The big business behind cosmetic surgery loans
Need a loan for breast implants? What about a facelift, or teeth whitening?
Every year thousands of women as well as a few men borrow to fund cosmetic surgeries. Often, the company making that loan is iFinance Canada Inc., the biggest provider of plastic surgery financing in the country having lent out more than $200-million to Canadians wanting to nip, tuck and lift their looks through elective procedures.
Ann Kaplan, chief executive and founder of the alternative lender, is rightly proud of the business she formed in Vancouver in 1996 and watched grow into a multimillion-dollar empire – tracking closely with the growth in credit as well as cosmetic surgery clinics that have sprouted up across the country over the last decade and a half.
“I put the company together to fill a niche, to loan money to people wanting medical procedures but didn’t have enough to pay for it,” she said in a recent interview at her Toronto office located at Bay and Bloor St, the nexus where high-end retail shops like Hermes and Chanel brush against the country’s major financial institutions.
But with consumer debt reaching all-time highs appetite for credit is diminishing, several reports suggest. Not surprisingly perhaps, iFinance Canada is seeing a lull in loan-making. “I think the market has plateaued a little bit,” Kaplan says.
With the plateau comes a moment to examine the role financial institutions, including the country’s banks and insurers who buy up 80 per cent of the unsecured loans iFinance makes, play in facilitating the growth of debt for implants and other cosmetic procedures — surgeries that also carry legitimate medical risks.
Kaplan has faced the ethics question before, and can mount a persuasive defence.
“Who’s to deem that that person who gets a cosmetic procedure doesn’t need one because they’re going to feel better by it. Somebody who was born maybe with a cleft lip or was burnt or will never get married because they’re bald, or whose teeth are crooked and they can’t afford it,” she said.
“What’s wrong with having a company that lends to these people?”
Boiled down, there’s little separating iFinance Canada, which operates its medical loan business under the name Medicard, from other lenders according Claire Tsai, a business professor at the Rotman School of Management at the University of Toronto.
“What is the difference between this and other financing services we get, at car dealers for example, or for durable goods?” says Tsai, an expert in behavioural economics. “If somebody is making sixty thousand a year and wants to buy a BMW, the car dealers are enabling it. Is that ethical? It’s a grey area.”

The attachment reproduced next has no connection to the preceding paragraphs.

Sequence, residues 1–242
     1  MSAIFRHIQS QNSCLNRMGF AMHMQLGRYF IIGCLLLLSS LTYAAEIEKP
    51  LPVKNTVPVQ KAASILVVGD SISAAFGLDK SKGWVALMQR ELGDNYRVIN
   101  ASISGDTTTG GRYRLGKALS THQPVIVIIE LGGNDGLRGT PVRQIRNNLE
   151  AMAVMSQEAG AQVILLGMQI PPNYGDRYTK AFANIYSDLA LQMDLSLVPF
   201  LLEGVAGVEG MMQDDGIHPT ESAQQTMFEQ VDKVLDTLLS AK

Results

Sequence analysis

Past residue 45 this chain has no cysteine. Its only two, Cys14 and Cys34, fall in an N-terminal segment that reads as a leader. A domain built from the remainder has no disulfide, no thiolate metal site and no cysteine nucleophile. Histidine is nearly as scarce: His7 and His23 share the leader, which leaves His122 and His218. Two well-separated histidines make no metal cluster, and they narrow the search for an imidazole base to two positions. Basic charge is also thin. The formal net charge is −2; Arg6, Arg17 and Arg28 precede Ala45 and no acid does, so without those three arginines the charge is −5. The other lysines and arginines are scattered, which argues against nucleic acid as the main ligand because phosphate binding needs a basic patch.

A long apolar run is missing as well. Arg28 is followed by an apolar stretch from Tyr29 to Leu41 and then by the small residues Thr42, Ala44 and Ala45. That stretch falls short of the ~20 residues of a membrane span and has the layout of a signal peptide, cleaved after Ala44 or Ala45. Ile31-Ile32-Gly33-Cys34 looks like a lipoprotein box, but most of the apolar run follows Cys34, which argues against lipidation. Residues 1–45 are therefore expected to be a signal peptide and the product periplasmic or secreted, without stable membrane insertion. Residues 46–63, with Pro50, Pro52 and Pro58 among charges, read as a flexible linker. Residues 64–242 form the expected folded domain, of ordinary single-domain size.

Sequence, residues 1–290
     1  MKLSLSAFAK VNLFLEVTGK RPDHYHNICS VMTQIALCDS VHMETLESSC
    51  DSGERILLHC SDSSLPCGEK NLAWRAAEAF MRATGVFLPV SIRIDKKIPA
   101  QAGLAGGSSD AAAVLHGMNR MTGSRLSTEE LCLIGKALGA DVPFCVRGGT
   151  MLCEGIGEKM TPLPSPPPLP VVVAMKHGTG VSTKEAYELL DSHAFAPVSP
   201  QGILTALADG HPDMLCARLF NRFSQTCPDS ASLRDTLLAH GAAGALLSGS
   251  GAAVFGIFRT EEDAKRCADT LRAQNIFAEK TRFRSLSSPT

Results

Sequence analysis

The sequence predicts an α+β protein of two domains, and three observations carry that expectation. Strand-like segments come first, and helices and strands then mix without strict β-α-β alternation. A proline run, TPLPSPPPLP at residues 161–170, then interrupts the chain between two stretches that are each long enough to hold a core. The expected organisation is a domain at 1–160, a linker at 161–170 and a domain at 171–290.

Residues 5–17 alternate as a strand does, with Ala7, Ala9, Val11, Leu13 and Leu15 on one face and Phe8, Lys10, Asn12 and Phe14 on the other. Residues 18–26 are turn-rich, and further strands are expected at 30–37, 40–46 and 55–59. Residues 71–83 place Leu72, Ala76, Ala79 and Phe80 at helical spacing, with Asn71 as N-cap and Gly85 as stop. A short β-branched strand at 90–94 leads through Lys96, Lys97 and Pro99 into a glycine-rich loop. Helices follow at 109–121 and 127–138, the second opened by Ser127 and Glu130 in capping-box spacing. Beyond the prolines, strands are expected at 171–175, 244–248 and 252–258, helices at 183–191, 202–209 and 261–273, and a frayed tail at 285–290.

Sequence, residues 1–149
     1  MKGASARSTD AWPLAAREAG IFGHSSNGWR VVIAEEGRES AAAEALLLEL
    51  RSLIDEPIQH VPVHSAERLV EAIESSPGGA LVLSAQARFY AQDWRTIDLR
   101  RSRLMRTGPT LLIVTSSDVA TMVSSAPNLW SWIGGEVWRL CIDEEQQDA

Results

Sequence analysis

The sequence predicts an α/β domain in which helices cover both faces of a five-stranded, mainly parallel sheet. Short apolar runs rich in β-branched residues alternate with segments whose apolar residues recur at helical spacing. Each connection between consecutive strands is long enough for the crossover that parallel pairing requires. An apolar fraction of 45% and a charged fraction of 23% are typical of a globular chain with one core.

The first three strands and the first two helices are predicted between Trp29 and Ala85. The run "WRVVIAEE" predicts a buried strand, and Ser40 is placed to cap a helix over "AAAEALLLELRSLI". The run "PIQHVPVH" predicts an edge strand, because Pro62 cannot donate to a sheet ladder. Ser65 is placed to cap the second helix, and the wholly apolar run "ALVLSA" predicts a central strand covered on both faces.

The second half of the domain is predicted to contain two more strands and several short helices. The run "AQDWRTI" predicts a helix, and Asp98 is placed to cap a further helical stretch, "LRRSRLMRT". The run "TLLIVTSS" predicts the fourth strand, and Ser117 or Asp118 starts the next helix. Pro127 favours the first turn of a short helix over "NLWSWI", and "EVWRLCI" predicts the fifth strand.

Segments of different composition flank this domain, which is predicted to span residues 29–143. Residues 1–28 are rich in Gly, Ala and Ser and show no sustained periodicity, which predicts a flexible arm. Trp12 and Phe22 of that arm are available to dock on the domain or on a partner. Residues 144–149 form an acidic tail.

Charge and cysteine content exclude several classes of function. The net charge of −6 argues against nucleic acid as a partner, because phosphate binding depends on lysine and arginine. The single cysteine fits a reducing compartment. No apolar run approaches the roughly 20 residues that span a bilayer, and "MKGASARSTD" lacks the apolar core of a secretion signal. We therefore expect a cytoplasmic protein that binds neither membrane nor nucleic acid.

“Clinics are trying to make money, just like car dealers.”
A network of about 8,000 cosmetic surgeons, dentists and other medical practitioners form the backbone of iFinance Canada’s business model; like an auto dealership, a customer comes in to inquire about a service and is given financing options.
“We give patients a file folder of information and there’s actually a brochure,” says William Middleton, a surgeon who has operated a clinic in Toronto for 25 years. “The financing has allowed a lot more people to have surgery that previously couldn’t afford it.”
Middleton partnered with iFinance more than a decade ago, and says about 10 per cent of clients pay for surgery with a loan.
Who is the average iFinance Canada customer? A woman roughly 35 years old with an annual income of between $40,000 and $45,000 who is likely to reside in a major city. Credit scores are in the 690 neighbourhood or above, Kaplan says (below 640 is considered ‘subprime’ or higher risk of default).
Middleton says a wide range of clients use the program, pointing to two recent patients who had tummy tucks, one a lawyer the other a cashier.
Kaplan appears far from being an unscrupulous predatory lender, however, explaining the business in the methodical manner of purely rationalist businesswoman, even exuding a degree of empathy.
The mother of six (four biological, two adopted) is in the process of sponsoring another child to come to Canada, a young Ethiopian girl named Yeasbra.
The young girl lived with Kaplan and her family last year when she was having her cleft face rebuilt at Sick Children’s Hospital in Toronto, paid for in part through the Herbie Foundation and Transforming Faces Worldwide, charities iFinance Canada and Kaplan support.
“Her mother asked us to take her,” Kaplan says. Facing dim prospects of attaining a meaningful education in Africa, or overcoming the social stigma Yeasbra would still continue to face in her home country, Kaplan agreed to sponsor the child. “Why wouldn’t we?” Kaplan said.
Kaplan also holds concerns however for the alternative lending market, which is ultimately intertwined with the country’s major banks and financial institutions (who buy the loan portfolios alternative lenders generate). She’s advocating for greater oversight and regulation for companies like her’s.
The publicity of a published profile is fine, the somewhat soft spoken executive says, but she wants to get the message out that financial firms like her’s should be subject to similar kinds of standardized disclosures that regulated banks and public companies must abide by and which currently don’t exist–leaving open the potential for fraud and systemic risk in the financial system.
“It’s time, we’ve come out of a crisis. Let’s make sure to put processes in place to make sure we don’t end up in another one,” Kaplan said.
She suggested modeling something on the Sarbanes Oxley Act in the United States, which came about in 2002 following a string of corporate financial scandals and excesses.
“It makes a lot of sense to do something like this,” she said.